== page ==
Sudan‘s eight month long conflict, despite threatening sanctions during meetings with the warring leaders., JUBA, August 13- UN Security Council envoys said Wednesday they had little hope of a swift end to South
“We did not hear much from them that gave us hope that there will be rapid agreement,” in peace talks, British ambassador Mark Lyall Grant told reporters, describing discussions with leaders as “disappointing.”
Envoys met with President Salva Kiir in Juba, and held talks via a video link with rebel chief Riek Machar.
“Both said that they recognize that there was no military solution to the crisis, but the two positions remain far apart,” Grant said.
“What we are see is the failure of leadership in the country, the leaders are at war with each other,” he added, speaking before the 15-member council left South Sudan at the end of a two-day visit.
The UN has said the food crisis is the “worst in the world”, with aid workers warning of famine within weeks if conflict continues.
Thousands of people have been killed and more than 1.5 million have fled civil war sparked by a power struggle between Kiir and his sacked deputy Machar, with battles between government troops, mutinous soldiers and ragtag militia forces divided by tribe.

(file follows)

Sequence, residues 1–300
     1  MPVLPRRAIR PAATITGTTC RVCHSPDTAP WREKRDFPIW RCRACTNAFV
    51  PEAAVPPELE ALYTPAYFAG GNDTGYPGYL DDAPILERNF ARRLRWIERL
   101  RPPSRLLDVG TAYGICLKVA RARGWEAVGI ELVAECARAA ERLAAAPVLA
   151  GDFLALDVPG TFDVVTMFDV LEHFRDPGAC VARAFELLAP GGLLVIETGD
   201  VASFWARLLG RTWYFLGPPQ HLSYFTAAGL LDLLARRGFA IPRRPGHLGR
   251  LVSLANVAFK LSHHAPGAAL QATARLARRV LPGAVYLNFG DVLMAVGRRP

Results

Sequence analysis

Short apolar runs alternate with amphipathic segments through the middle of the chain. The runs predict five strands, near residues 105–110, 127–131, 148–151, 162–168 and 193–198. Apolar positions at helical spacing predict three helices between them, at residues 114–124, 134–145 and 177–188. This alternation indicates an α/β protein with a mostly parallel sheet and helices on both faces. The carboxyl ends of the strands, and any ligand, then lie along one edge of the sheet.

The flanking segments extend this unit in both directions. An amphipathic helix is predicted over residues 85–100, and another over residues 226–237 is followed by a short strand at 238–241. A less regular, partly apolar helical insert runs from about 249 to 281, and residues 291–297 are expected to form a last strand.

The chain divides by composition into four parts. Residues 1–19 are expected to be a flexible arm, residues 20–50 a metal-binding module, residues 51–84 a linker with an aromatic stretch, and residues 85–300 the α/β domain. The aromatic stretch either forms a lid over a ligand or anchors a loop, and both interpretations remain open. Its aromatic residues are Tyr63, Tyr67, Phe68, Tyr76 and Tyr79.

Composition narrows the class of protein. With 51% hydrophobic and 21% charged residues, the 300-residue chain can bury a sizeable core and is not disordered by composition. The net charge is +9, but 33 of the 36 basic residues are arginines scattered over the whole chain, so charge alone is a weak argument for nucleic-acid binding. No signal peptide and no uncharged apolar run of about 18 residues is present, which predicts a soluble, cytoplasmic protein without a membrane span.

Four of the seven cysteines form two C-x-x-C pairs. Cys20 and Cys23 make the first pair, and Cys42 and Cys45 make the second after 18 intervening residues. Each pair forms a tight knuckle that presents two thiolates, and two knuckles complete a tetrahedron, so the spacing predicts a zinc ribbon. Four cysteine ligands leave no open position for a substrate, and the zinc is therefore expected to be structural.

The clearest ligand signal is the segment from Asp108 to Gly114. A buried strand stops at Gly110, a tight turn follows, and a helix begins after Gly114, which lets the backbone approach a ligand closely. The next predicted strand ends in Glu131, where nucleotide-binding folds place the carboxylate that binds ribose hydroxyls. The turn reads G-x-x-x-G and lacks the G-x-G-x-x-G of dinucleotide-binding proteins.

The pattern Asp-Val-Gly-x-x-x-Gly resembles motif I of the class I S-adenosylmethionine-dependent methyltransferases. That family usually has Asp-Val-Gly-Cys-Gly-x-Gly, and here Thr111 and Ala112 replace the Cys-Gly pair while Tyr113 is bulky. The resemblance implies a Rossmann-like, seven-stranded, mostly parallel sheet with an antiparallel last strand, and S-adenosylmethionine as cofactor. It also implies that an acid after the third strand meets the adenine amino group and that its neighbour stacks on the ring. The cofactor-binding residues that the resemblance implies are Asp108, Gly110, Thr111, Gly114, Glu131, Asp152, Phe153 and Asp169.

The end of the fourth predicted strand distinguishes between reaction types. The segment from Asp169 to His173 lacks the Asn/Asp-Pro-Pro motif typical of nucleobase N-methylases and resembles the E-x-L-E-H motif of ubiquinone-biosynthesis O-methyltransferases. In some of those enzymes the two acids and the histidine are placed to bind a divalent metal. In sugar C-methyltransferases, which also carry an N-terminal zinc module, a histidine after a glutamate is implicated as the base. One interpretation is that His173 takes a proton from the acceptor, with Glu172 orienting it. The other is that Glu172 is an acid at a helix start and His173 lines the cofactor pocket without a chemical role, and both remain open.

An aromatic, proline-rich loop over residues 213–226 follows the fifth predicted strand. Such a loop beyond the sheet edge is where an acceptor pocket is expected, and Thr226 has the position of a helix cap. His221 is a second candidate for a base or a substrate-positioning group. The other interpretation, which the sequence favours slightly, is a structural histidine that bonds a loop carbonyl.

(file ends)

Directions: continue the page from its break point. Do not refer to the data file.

The UN Security Council last week threatened to slap sanctions on leaders of both sides if fighting continues, a warning repeated by Grant.
“We underlined a very strong message that there will be consequences for those who undermine the peace process, that are not willing to put aside their personal agendas in the interest of the people,” he added.
Stop start peace talks in the Ethiopian capital Addis Ababa which began in January officially restarted again last week, but the delegates have made little if any progress.
Three ceasefire agreements have all been broken, while leaders missed a key deadline on Sunday to forge a unity government.
The UN envoys are later due to meet in Kenya regional foreign ministers from the east African IGAD-bloc, which is mediating the slow moving talks.
“We shall be discussing with them what the next steps are,” Grant added.
The United States and the European Union have already imposed penalties on three senior army commanders from the government and opposition, while IGAD nations have suggested they could follow suit if progress was not made.